In this study, we found a statistically significant increase in CD in both groups between pre-treatment and 3 months post treatment. This increase in CD value was in the anterior and central layers for both corneal zones 0–2 mm and 2–6 mm. This is as expected as the CXL treatment is predominantly focused within these areas of the cornea.
In the adult group, corneal clarity significantly improved at 6 months and 12 months when compared with corneal clarity at 3 months post treatment in the anterior and central layers for all 3 corneal zones. However, in the juvenile group statistically significant increases in CD were found at 6 months post treatment compared to pre-treatment for all corneal layers in the 0–2 mm zone and in the anterior and central layers within the 2–6 mm zone. At 12 months post treatment compared to pre-treatment statistically significant high CD was found in the anterior layer of 0–2 mm zone and anterior and central layers within the 2–6 mm zone. A statistically significant improvement in corneal clarity was noticed at 12 months post treatment compared to 3 months post treatment at the central layer of zone2–6mm. It has been proposed by Greenstein et al6 that CD increases between 1 and 3 months and then from the 3rd month through to the 6th month, clarity improvement is witnessed and CXL-correlated corneal haze appears to decrease significantly. Our study agrees with these results but only for adult group and not the juvenile patients.
Our results show that there is a significant difference in improvement of corneal clarity post CXL treatment between adult and juvenile keratoconus patients. Comparative analysis of both groups reveals that two groups have significantly different corneal haze profiles post CXL. This was evident at six months post treatment for both the central and posterior layers in the 0–2 mm zone and for all layers in the 2–6 mm zone. One-year post treatment significant differences in corneal clarity between both groups were found in both central and posterior layers in the 0–2mm zone and in the central layer in the 2–6 mm zone. Divergence between the adult and juveniles keratoconus groups could be an effect of age as reports show that CD in healthy eyes increased with age in adults.19,20 CXL outcomes report that adult patients have a better outcome of functional and morphological criterion than juvenile patients.21 This divergence could be linked to the possible stimulation of differing activation pathways on keratocytes post-treatment22,23 which could have differing duration between the two groups. Differences in improvement between adult and juvenile groups could be influenced by corneal remodelling and wound healing process both of which play important roles.24,25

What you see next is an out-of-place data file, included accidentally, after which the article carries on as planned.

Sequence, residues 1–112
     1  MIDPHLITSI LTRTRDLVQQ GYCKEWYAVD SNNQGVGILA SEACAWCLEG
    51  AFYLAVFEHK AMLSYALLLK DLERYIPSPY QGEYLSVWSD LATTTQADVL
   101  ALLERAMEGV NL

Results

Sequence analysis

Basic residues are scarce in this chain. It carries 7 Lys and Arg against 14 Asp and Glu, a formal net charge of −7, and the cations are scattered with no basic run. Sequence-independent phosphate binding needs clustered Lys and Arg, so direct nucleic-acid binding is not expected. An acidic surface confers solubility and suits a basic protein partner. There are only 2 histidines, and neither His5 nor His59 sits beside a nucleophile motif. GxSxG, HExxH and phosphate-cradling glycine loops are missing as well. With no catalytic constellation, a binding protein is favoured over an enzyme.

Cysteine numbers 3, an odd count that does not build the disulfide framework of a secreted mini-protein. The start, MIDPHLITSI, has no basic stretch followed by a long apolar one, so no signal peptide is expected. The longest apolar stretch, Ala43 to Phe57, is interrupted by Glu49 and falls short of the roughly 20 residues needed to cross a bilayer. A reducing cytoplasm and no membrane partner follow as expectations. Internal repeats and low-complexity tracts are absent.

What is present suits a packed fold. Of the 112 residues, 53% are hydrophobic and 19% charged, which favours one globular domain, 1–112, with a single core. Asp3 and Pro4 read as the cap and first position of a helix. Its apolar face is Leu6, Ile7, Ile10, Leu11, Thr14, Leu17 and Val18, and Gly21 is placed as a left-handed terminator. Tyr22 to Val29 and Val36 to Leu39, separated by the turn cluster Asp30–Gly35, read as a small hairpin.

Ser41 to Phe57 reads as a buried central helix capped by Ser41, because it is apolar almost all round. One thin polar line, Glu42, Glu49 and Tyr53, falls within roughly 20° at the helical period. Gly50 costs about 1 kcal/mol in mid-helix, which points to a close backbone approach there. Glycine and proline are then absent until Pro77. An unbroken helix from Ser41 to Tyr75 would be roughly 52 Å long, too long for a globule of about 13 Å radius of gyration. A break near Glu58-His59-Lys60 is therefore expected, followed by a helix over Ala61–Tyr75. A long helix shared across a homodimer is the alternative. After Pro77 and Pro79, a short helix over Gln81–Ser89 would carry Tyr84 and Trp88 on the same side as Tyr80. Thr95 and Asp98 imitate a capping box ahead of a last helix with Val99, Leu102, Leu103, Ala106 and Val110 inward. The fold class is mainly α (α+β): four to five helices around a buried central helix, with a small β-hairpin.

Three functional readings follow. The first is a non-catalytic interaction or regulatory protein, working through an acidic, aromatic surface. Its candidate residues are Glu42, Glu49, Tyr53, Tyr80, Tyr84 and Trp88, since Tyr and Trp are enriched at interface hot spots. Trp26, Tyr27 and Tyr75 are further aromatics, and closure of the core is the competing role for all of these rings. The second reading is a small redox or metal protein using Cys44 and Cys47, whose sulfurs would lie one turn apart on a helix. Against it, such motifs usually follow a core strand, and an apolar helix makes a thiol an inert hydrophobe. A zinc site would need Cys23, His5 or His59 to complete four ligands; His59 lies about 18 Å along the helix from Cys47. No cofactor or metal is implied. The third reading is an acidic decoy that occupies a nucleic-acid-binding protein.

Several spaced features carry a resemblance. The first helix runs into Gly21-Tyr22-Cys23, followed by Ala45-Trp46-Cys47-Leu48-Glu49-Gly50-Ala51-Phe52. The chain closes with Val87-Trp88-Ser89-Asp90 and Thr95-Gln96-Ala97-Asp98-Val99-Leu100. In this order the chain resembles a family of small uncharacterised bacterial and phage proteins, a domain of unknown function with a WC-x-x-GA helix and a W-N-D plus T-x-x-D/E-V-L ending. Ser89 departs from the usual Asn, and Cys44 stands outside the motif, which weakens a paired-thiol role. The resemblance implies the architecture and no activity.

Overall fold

Our result showed that the maximum effect of haze following CXL treatment was in the corneal centre 0–6mm rather than in the periphery which agrees with earlier reported studies on corneal densitometry in keratoconus.26 The anterior layer in 0–2 mm zone has the highest densitometry level after the treatment because it received maximum treatment.27 In addition, the age of the participants could have an impact in corneal clarity changes.20,28 However, despite the common belief that CXL is a safe technique in children the positive effect of the treatment does not last as long in comparison to adults.29
This study did not find any significant differences in the BCVA for pre and post treatment for either group. These results supported earlier reports of a poor correlation between haze and visual acuity.6 However, a study looking at the changes in BCVA between pre-treatment and post-treatment in adult keratoconus showed that BCVA improved significantly between 6 and 12 months post-treatment.2 In the juvenile group, there was no significant improvement or diversity of BCVA at 12 months post-treatment from pre-treatment.30 This study could not find any differences in corneal thickness and thinnest area between groups and within each group which agree with the results of Shen et al.31
In conclusion, haze levels increase after CXL differing in severity in different corneal zones and between the juvenile and adult keratoconus. The 0–2 mm and 2–6 mm zones were found to be the most affected area post treatment. Corneal haze reached its maximum level at three months after treatment then appears to differ significantly in improvement level between adult and juvenile groups, with the latter not returning to pre-treatment clarity in the most anteriorly central zone in juvenile group by 12 months. Longer follow-up may need to evaluate if the effect is permanent.
Compliance with Ethical Standards
All procedures performed in studies involving human participants were in accordance with the ethical standards of the institutional and/or national research committee and with the 1964 Helsinki declaration and its later amendments or comparable ethical standards. Informed consent: Informed consent was obtained from all individual participants included in the study. This article does not contain any studies with animals performed by any of the authors.
The authors thank the Manchester Royal Eye Hospital (corneal clinic) for supporting patient’s recruitments for this study. Supported by Armed Forces Medical Services, Ministry of Defence, Riyadh, Saudi Arabia. Part of the data has been presented at EVER 2017, Nice, France.
The authors report no conflicts of interest in this work.